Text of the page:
Like other medieval castles, the Caen castle had a moat around it. The moat was very deep so that enemies could not batter down the walls on the other side. If they climbed down into the moat, it would be easy to shoot them with arrows or drop rocks on them to kill them.
The only way you could get into the castle was by crossing the moat on a wooden drawbridge. Here is a picture of one of the drawbridges (this was such a big castle that there were a lot of drawbridges).
When enemies came, the people in the castle pulled up the drawbridge so nobody could get in. When you went over the drawbridge, you also went through a big strong wooden door, with an iron gate called a portcullis in front of it. The portcullis is gone now, but you can still see the slots carved in the stone wall for the portcullis to slide up and down.
If enemies did get through the portcullis, they would still be in the little hallway you can see in the back, trying to break down the wooden door on the other side. People inside the castle could drop rocks and pour boiling water on them through holes in the ceiling.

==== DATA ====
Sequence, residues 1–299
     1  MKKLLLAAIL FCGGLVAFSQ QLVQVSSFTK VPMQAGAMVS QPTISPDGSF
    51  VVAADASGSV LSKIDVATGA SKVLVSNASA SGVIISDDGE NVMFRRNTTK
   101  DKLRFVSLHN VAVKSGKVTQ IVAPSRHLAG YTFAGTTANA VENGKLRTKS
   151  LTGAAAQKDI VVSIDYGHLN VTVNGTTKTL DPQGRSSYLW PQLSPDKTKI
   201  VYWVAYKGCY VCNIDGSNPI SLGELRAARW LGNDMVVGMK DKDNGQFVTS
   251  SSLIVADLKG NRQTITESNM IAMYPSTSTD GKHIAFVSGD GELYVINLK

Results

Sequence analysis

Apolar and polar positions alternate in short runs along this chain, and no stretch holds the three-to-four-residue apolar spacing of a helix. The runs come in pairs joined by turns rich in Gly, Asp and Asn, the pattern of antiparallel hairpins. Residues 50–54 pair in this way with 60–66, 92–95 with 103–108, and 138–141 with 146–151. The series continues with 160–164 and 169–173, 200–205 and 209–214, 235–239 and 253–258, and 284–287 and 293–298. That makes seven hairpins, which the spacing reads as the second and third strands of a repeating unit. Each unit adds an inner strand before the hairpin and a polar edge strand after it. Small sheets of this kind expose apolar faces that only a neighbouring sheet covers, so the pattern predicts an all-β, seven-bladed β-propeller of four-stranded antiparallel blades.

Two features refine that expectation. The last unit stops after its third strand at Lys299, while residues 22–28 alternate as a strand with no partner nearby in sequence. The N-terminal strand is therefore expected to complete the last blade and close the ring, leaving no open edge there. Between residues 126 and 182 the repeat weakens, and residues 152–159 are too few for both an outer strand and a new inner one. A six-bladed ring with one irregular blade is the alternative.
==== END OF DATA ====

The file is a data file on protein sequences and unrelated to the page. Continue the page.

Once you were inside the walls, you would see a lot of buildings that were used for different things: barns, toolsheds, chicken coops, houses for people to live in, meeting halls and courthouses, big halls for people to eat in, and many workshops for carpenters, weavers, and so on. This building is a meeting hall that was mainly used for people to come pay their taxes or to discuss money questions with William's treasurer.
Click here for a project about castles, or here to compare William's castle to the walls of Cairo, in Egypt, built about the same time.
Or, watch a movie about juggling inside the castle!
To find out more about medieval castles, check out these books on Amazon.com or at your library:
Castle, by David Macaulay
Castle (Eyewitness Books)
by Christopher Gravett ,Geoff Dann (Photographer) (2000)
This Model Medieval Castle (Usborne Cut-Out Models)
by Iain Ashman (1997)